What is Code-switching?
Code-switching occurs often between speakers of two languages or more. It also occurs within a language. There is two ways I’d like to present for code-switching.
One is an embedded language within our mother language or matrix language. The matrix language may not be your mother tongue but the target language of work or society which you have to speak to get things done.
Code-switching happens when you speak the two languages at the same time, embedding one language in the other. Here are several ways you can code-switch between two languages.
For example: We are sehr glucklich fur dich. Embedded language
We begin speaking English and perhaps we are aware we are code-switching or we may do it without realizing that is what we are doing.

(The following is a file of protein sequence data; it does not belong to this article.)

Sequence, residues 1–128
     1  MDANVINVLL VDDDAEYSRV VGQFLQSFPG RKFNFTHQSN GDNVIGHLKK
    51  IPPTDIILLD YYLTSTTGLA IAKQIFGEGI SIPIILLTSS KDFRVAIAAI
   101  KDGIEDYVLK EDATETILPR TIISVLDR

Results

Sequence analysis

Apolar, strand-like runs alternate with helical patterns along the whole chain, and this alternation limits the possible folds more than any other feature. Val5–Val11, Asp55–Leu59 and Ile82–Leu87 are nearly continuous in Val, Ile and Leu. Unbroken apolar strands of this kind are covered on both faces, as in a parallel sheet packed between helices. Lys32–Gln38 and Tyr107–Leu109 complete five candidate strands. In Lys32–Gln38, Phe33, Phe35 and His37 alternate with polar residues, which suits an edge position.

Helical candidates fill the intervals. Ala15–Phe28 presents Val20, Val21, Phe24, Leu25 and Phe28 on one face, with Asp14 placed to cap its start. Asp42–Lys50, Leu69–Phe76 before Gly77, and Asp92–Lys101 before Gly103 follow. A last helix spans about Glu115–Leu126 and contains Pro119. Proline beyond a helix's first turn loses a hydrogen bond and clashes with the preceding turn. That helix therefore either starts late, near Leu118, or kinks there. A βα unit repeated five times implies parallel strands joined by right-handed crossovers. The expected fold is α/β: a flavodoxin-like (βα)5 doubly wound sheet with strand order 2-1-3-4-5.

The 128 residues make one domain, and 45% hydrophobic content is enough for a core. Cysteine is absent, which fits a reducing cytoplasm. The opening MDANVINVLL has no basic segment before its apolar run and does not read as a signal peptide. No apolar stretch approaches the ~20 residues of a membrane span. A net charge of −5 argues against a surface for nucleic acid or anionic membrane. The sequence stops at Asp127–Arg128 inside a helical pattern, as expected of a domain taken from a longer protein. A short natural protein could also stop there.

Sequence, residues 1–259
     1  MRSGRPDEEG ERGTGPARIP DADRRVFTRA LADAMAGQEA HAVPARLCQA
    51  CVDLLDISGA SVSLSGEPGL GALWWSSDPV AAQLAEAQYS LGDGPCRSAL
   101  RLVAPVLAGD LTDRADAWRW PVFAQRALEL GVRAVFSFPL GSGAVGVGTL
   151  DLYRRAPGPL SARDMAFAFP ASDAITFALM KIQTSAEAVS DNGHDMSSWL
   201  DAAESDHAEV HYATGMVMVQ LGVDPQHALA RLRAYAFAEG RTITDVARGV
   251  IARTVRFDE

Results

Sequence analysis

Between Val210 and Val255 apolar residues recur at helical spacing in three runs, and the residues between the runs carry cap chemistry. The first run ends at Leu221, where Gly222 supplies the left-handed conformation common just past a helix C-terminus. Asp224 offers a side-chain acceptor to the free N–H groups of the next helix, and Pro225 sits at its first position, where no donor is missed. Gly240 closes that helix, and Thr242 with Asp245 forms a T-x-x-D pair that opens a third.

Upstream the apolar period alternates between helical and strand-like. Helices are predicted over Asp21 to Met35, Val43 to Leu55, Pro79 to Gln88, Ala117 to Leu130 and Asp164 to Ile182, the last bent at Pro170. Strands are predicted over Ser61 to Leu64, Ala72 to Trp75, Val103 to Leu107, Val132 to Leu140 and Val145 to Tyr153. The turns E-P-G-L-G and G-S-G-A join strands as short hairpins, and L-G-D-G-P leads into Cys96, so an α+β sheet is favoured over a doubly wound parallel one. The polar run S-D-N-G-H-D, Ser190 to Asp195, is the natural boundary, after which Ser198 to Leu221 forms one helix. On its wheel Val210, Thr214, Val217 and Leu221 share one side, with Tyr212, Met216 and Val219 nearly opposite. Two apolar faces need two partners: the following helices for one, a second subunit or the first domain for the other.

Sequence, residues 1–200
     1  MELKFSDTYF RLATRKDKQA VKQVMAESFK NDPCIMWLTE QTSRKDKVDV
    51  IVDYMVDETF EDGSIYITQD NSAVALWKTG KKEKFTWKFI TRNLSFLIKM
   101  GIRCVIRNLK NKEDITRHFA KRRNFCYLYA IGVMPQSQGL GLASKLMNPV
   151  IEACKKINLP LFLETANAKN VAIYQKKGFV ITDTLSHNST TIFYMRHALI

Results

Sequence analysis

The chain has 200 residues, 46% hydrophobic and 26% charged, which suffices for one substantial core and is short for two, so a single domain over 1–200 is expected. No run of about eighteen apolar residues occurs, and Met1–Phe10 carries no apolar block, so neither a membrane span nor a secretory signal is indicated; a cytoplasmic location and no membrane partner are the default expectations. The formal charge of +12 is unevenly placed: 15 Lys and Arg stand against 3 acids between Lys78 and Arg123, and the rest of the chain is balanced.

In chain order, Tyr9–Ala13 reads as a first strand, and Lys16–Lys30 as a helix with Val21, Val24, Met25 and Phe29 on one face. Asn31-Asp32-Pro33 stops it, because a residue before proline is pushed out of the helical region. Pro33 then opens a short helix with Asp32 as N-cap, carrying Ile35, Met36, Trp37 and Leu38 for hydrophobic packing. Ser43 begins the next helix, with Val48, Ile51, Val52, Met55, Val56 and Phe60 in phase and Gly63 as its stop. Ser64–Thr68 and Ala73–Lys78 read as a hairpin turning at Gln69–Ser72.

We can use a second or other language to define or explain:
I’m trying to remember; I’m using a memory aide we call such memory aides an Aselbruecke.
We can use our second language for tag switching:
Her name is Angel, nicht wahr?
Non-native speakers may code switch to be a bridge when they are at a loss for a word in the target language.
In German we would say, “Probe” I can’t think of the English translation. Is it rehearsal or test?
We can use it to speak emotionally:
This isn’t right, Mensch!
It may be an inclusive gesture. When you speak, like I do, a few German words, you know to let shopkeepers and restaurant staff know that you respect the language as well as the people.
Gutes Essen! That means good food, right?
We can use code-switching for a poetic function; a joke, a metaphor or saying:
In German we say „Nicht durch die Blumen sprechen“. Do not speak euphemistically.
This is code-switching between languages. Then there is when we code-switch in a register or dialect of a single language.